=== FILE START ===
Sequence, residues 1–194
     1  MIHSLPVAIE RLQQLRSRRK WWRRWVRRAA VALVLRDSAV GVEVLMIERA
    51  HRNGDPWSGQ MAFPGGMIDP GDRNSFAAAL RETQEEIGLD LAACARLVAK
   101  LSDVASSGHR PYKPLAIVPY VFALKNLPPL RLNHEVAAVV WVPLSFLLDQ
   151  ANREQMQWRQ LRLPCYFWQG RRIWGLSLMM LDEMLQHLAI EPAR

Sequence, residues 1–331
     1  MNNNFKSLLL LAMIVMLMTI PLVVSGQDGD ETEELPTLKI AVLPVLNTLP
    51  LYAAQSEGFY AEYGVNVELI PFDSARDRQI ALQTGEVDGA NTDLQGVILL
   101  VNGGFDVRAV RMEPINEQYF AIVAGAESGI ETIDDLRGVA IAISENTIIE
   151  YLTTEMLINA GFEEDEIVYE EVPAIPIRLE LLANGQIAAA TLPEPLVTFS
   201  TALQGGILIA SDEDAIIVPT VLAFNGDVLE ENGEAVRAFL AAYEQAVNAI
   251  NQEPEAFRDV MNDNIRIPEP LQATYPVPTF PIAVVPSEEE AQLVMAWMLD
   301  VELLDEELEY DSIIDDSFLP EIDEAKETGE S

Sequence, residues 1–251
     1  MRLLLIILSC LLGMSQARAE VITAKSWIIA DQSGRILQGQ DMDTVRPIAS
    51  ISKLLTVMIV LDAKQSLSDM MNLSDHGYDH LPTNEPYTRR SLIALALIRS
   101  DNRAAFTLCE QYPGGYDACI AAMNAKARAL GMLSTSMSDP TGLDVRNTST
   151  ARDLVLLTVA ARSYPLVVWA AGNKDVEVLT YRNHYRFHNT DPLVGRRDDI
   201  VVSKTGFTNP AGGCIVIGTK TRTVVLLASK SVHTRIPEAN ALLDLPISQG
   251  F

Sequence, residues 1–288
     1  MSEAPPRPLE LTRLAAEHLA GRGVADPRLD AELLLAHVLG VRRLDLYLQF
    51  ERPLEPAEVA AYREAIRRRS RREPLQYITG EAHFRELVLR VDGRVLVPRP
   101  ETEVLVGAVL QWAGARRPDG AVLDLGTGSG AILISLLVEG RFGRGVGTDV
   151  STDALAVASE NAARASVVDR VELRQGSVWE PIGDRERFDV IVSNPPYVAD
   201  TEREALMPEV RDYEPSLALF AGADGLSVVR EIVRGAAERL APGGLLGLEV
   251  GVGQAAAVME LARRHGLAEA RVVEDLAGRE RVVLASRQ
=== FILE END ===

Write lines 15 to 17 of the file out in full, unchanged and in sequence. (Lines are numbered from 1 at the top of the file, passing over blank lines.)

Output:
     1  MRLLLIILSC LLGMSQARAE VITAKSWIIA DQSGRILQGQ DMDTVRPIAS
    51  ISKLLTVMIV LDAKQSLSDM MNLSDHGYDH LPTNEPYTRR SLIALALIRS
   101  DNRAAFTLCE QYPGGYDACI AAMNAKARAL GMLSTSMSDP TGLDVRNTST